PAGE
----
Smart phones impact lifestyle
There is no end to human demand for better and still better quality of life. We expect easier access to products, services and processes that offer quicker and faster result. With most of these services available on smartphones, there is…

There is no end to human demand for better and still better quality of life. We expect easier access to products, services and processes that offer quicker and faster result.

With most of these services available on smartphones, there is huge demand for such devices and applications so that people will have a lot of conveniences at fingertips.

From shopping to managing finances, keeping physically fit to watching television streaming, the smartphone has become an extension of human body.

At a time when the world is witnessing urbanisation at an astonishing rate, efforts are focussed on achieving more conveniences through mobile phones.

It is reckoned that by 2050, around 70 per cent of the world’s population will be in urban centres, as compared to 54 per cent now. This will result in traffic congestions, environmental pollutions, higher demand for energy, power and water supplies.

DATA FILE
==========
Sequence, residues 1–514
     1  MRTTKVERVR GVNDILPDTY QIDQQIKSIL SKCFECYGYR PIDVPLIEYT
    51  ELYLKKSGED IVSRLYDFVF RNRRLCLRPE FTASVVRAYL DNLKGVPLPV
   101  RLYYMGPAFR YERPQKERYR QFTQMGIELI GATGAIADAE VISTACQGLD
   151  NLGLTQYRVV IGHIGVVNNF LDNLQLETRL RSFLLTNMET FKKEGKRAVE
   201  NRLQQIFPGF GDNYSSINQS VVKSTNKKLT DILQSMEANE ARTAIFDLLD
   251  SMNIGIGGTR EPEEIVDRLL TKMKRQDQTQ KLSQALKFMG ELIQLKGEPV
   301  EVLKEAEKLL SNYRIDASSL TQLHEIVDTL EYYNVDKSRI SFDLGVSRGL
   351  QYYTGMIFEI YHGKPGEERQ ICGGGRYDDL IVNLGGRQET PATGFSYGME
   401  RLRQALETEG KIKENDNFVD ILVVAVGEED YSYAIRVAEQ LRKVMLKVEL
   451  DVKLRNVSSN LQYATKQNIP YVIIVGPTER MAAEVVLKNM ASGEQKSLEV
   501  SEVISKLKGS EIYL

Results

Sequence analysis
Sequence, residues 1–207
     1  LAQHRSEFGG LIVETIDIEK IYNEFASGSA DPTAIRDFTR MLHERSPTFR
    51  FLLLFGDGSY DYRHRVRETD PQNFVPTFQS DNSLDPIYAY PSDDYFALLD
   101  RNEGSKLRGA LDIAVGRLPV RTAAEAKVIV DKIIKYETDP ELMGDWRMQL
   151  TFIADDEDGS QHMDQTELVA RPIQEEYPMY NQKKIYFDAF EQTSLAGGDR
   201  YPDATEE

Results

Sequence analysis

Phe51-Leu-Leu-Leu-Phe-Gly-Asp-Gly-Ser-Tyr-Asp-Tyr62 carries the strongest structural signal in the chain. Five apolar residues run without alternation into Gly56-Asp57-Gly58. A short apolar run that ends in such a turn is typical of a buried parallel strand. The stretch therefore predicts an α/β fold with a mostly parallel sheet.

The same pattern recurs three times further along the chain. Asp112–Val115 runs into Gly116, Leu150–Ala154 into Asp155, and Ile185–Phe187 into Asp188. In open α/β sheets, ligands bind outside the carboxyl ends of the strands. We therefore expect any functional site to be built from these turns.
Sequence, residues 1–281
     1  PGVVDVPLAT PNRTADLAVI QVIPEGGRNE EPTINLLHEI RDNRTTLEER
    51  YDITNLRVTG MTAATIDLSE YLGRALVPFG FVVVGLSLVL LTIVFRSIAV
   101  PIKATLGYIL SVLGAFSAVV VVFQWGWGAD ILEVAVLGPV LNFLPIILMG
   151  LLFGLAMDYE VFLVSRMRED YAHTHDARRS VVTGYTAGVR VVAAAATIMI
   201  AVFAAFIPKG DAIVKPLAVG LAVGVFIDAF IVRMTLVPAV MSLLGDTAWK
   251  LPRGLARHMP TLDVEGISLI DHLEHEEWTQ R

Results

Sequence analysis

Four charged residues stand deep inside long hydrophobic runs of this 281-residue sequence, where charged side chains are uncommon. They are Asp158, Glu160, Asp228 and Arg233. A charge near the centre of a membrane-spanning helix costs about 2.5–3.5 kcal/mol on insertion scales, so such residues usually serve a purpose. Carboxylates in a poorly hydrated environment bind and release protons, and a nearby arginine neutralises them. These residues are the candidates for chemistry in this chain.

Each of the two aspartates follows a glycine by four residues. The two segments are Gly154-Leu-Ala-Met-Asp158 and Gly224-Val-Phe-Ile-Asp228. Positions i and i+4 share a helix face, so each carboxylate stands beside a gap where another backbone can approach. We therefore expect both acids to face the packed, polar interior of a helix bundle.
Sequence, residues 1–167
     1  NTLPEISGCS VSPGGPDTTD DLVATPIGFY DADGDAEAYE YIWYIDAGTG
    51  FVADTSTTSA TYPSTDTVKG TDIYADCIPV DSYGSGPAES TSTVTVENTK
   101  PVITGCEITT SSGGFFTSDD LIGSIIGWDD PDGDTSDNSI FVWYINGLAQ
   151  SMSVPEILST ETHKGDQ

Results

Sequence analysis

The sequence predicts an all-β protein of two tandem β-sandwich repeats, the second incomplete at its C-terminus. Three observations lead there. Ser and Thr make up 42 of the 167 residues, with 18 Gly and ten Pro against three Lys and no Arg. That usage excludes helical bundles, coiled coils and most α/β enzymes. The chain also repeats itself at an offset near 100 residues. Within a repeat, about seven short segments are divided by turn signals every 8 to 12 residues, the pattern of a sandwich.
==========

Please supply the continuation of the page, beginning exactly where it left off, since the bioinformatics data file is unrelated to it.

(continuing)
It has, therefore, become imperative that these cities will have to have more efficient infrastructures and better resources utilisation.

The solution is development of Smart Cities that offer an agile infrastructure, ensure efficient city management, better allocation of resources, economic development, sustainability and innovation.

Smart grids with smart meters and homes with smart appliances will help the government to better manage energy supplies by optimising the use of non-renewable sources of energy while enabling the conversion of waste to create renewable sources of energy.

Smart roads and transportation with integrated sensors and CCTV will run an intelligent traffic management system. It would reduce pollution and lead to sustainable use of resources.

Connected, integrated wearables and intelligent Internet-enabled devices will ensure on-time monitoring of data resulting in faster response, early and accurate diagnostics.

The emergence of data-driven communities populated by ‘digital citizens’ with information at their fingertips will be the main characteristic of Smart Cities.

The strategy must cover data security, accessibility, and privacy. There must be integration of security solutions such as data encryption and identity and access management, and security monitoring and analysis, to ensure the safety and integrity of city networks.

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